For each resampled image, I downsampled by a linear factor of four from the previous image (for a 16x reduction in total pixels, or ‘cameras’). I also just grabbed every fourth pixel; this simulates the aperture function which throws away most of the light. In the first image, our camera array is now a merely-stupid 25,000 cameras. And the structure looks… basically identical. So far, so good: we’re not losing much by tossing out those extra 375,000 cameras, or 75% of the light.
Next I threw away 94% of the remaining cameras, so we’ve got about 1,500 in our array now, one every 8 mm or so (about the largest pupil diameter). And visually, it looks like most of the glints would be captured by at least one camera in this array, so we could reconstruct the proper, sparkly reflectance. And with only one hundred times the size of our current BBOCs!
After another 4x linear reduction, we’re pushing about 100 cameras now, and though the image is significantly fuzzier, the overall structure is still pretty visible. Will it look good enough in a headset? I have no idea; we’re literally looking at a boat, people. But it’s possible a 100 camera array would fall into the ‘good enough for us to be fooled’ category.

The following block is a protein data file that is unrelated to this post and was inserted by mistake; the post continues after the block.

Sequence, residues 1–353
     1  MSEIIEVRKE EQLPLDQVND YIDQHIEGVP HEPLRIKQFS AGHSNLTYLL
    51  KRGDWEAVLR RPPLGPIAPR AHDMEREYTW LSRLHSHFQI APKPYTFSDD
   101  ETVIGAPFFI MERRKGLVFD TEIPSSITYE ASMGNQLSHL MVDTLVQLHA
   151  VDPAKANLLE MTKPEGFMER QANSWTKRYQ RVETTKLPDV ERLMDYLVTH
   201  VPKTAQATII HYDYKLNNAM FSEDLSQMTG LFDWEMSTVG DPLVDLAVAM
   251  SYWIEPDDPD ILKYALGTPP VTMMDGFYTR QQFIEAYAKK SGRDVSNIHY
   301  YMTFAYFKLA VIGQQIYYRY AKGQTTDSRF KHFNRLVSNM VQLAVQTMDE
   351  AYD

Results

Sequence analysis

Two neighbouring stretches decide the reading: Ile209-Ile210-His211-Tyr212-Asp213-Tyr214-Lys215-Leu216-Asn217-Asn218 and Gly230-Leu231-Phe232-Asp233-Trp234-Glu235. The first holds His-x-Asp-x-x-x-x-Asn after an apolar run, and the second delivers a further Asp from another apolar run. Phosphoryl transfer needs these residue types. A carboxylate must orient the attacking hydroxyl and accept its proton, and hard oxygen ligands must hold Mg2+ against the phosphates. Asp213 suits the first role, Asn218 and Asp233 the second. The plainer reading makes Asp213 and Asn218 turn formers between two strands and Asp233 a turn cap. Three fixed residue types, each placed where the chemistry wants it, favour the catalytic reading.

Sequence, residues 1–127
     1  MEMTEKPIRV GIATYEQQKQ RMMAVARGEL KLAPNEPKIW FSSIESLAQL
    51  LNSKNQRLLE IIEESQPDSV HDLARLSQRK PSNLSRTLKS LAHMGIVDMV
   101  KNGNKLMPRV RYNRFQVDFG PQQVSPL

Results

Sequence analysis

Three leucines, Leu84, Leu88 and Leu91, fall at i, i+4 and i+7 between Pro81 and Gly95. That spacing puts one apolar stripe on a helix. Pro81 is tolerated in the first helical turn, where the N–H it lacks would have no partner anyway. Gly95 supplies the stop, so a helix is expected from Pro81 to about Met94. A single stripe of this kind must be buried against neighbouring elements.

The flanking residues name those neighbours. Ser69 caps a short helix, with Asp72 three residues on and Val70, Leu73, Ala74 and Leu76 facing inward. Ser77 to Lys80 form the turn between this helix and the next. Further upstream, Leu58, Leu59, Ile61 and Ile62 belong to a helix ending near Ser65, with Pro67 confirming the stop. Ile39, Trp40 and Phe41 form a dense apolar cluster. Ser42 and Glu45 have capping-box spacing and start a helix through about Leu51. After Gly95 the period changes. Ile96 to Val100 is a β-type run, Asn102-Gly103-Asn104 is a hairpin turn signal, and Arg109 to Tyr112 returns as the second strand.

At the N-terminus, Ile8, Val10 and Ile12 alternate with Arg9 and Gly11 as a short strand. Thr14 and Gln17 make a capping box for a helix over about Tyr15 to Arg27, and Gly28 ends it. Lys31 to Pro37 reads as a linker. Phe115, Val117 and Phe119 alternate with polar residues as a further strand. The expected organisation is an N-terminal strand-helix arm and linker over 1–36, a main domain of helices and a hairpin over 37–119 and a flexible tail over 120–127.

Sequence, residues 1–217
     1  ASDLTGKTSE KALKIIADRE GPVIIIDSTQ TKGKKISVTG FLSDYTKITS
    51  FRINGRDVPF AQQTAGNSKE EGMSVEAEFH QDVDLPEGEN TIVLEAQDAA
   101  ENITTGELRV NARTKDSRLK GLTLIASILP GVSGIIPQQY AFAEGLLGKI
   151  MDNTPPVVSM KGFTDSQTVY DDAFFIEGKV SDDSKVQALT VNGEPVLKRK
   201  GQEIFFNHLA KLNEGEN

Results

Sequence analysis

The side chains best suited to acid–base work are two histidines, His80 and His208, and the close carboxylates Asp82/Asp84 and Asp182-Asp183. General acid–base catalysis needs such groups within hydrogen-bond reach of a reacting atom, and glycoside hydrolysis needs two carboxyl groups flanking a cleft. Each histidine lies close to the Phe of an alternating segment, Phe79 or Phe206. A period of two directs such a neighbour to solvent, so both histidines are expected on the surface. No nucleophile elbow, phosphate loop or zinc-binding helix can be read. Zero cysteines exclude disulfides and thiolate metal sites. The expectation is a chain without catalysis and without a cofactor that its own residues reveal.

Finally, at an additional 4x reduction, there’s not much detail left. This, by the way, is the current state of the BBOC: this represents about four cameras to capture the spatial structure of the scene. (In a ~16 camera array, you don’t have more than about 4 cameras looking at any one object point.) You would not see real glitter or sparkle in this scenario.
So, quick caveats: first, we need to see results in an actual headset (or at least a calibrated boat?). Second, this is only one example; water, glass, smoke, reflections off of cars, calmer and rougher water will behave differently. So don’t take this test too seriously, but what I hope we’re seeing with this exercise is we’re only one or two orders of magnitude away from a more ‘holographic,’ light field-like approach. Yes, one or two orders of magnitude is a lot, but it’s not ‘infinite’; is there a Moore’s law for BBOCs?